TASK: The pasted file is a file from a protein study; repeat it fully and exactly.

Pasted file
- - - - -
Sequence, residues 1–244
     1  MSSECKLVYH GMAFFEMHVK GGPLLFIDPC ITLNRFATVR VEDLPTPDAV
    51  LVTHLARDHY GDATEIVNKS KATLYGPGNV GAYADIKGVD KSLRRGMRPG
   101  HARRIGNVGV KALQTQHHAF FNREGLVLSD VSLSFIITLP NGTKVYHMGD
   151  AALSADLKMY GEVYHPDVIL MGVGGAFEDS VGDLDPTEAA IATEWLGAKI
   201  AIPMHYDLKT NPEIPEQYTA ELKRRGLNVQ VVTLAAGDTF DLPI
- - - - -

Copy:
Sequence, residues 1–244
     1  MSSECKLVYH GMAFFEMHVK GGPLLFIDPC ITLNRFATVR VEDLPTPDAV
    51  LVTHLARDHY GDATEIVNKS KATLYGPGNV GAYADIKGVD KSLRRGMRPG
   101  HARRIGNVGV KALQTQHHAF FNREGLVLSD VSLSFIITLP NGTKVYHMGD
   151  AALSADLKMY GEVYHPDVIL MGVGGAFEDS VGDLDPTEAA IATEWLGAKI
   201  AIPMHYDLKT NPEIPEQYTA ELKRRGLNVQ VVTLAAGDTF DLPI